7 Helpful Tips for Downsizing Seniors’ Homes

Author

Karla Casertano, Realtor, SRES, RRS - Coldwell Banker Realty

Posted on

Nov 26, 2018

Book/Edition

Pennsylvania - Greater Pittsburgh Area

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If you have a family member planning to transition into a new residence or retirement community setting, it is a perfect time to begin the downsizing process. Moving out of one’s current home can be an overwhelming and stressful process, no matter how long you’ve lived there. It’s best to start early and give your loved one plenty of time to make important decisions.

The following tips and suggestions are designed to make this difficult transition easier for everyone involved.

SAFETY FIRST. Start by clearing the clutter on steps to prevent accidents and falls. If the clutter in question poses a direct risk to the health and safety of your family member, it might be time to talk with them about the dangers of hoarding.

PLAN ACCORDING TO THE MOVE. If your loved one is relocating from a four-bedroom house to a two-bedroom apartment, consider his or her new lifestyle.
KEEP IT SIMPLE. START SMALL. Going through a lifetime’s worth of belongings is no small task. Break the process up into easily managed increments.
ENLIST FRIENDS AND FAMILY MEMBERS TO HELP. Help can go a long way in making every move more manageable. Your loved one might like to take this opportunity to bequeath treasured belongings to children, grandchildren, friends, etc.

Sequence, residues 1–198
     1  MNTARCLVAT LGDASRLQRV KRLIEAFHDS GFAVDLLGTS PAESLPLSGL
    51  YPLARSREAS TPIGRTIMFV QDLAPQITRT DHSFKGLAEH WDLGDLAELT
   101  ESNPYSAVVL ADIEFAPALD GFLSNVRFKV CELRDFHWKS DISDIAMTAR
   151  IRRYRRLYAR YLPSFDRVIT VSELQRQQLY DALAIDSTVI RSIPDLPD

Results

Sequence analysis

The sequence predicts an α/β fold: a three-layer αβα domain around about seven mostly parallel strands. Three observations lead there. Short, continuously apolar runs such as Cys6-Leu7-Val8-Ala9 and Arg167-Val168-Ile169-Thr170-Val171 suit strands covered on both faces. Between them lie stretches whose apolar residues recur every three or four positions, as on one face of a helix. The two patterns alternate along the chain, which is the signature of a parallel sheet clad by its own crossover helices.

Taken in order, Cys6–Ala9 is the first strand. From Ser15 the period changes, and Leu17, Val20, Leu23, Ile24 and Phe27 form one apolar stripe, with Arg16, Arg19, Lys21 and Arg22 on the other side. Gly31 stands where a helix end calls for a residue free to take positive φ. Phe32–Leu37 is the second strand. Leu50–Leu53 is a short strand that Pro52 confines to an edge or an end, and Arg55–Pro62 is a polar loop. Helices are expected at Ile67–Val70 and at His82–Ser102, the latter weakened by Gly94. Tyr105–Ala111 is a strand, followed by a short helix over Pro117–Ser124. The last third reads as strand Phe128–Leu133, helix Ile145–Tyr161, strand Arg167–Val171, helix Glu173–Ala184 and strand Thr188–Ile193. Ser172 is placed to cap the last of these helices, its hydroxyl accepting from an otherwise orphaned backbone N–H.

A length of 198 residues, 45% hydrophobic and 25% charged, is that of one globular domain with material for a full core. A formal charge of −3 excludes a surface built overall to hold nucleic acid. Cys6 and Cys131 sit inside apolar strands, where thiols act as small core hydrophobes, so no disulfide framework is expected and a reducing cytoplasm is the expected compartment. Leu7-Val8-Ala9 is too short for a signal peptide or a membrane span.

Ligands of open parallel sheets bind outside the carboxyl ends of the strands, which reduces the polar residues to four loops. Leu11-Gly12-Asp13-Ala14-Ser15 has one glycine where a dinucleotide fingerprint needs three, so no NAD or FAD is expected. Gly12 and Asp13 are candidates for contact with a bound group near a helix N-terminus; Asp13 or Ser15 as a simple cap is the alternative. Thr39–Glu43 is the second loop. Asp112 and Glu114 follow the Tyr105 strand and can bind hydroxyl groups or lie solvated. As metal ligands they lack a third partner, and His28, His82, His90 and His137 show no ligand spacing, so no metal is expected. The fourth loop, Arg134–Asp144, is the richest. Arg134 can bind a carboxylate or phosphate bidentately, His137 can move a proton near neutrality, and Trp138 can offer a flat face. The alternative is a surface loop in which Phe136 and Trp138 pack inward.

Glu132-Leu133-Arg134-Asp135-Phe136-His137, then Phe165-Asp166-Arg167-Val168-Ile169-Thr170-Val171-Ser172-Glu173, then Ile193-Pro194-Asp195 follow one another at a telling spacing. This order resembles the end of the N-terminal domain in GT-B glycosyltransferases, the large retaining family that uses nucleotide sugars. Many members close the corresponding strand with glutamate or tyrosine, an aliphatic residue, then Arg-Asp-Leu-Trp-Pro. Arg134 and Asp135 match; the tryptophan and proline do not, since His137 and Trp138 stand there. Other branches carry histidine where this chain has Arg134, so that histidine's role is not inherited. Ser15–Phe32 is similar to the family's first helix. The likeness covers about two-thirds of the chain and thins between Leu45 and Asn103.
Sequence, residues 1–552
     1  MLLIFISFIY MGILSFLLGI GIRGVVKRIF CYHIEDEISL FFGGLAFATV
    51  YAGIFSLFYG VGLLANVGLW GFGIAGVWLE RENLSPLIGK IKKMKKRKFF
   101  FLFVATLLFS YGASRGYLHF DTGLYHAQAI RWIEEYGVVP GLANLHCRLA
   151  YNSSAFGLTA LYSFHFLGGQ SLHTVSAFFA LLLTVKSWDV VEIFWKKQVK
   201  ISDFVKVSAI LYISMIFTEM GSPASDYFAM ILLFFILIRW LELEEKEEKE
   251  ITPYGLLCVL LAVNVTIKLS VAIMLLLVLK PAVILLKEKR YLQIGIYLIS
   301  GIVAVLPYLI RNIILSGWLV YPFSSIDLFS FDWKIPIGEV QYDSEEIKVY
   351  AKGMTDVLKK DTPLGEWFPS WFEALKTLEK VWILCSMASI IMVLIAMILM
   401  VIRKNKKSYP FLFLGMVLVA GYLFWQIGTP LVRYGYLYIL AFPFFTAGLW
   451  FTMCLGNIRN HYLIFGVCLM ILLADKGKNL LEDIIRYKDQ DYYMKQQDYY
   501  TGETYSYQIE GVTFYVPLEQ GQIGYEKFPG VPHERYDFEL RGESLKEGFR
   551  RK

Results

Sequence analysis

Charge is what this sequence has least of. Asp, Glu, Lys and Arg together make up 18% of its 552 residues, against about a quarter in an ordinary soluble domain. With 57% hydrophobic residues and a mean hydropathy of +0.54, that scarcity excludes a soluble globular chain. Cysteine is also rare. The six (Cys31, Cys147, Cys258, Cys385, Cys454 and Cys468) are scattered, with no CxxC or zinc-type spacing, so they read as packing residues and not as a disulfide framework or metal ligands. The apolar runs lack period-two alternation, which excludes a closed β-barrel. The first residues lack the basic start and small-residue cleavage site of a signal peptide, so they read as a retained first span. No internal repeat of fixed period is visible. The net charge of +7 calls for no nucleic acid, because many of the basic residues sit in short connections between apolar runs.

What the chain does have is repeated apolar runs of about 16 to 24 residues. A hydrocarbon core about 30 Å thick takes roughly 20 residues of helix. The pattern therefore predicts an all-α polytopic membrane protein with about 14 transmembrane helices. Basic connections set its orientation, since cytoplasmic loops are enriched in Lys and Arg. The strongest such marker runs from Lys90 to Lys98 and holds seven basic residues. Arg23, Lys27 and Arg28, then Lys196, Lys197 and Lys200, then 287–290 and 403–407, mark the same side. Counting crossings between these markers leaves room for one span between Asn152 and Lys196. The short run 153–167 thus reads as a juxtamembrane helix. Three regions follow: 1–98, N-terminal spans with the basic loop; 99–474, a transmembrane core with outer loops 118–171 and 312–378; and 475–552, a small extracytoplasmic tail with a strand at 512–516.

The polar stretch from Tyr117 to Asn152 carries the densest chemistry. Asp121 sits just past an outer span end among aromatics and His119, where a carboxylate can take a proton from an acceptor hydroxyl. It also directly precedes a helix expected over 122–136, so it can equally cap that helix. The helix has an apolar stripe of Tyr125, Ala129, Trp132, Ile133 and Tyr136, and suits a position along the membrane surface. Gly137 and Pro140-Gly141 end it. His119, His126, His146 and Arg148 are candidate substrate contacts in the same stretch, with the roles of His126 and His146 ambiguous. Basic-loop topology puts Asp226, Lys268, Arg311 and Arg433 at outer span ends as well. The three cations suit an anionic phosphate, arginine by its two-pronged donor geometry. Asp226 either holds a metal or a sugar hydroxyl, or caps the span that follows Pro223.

SELL DONATE OR DISCARD. Minimizing items can significantly reduce moving costs. Identify essential items then break up the remaining possessions into 3 categories.
FOCUS ON THE 3 P’s:

·        Paperwork: Carefully sort through all financial documents, letters, and cards. Retain and discard any non-essential documents. Shred documents with personal information, account IDs, and social security numbers.

·        Pills: According to the U.S. FDA, almost all medicines can be thrown away in household trash.

·        Pictures: Help your loved one sort through photographs, keeping only the important ones and sharing the rest with family members.
STOP COLLECTING. This is not the time to buy new items. If you believe that a loved one is hoarding, there are resources available to help.


Editors Note: This article was submitted by Karla Casertano, 412-287-5541 

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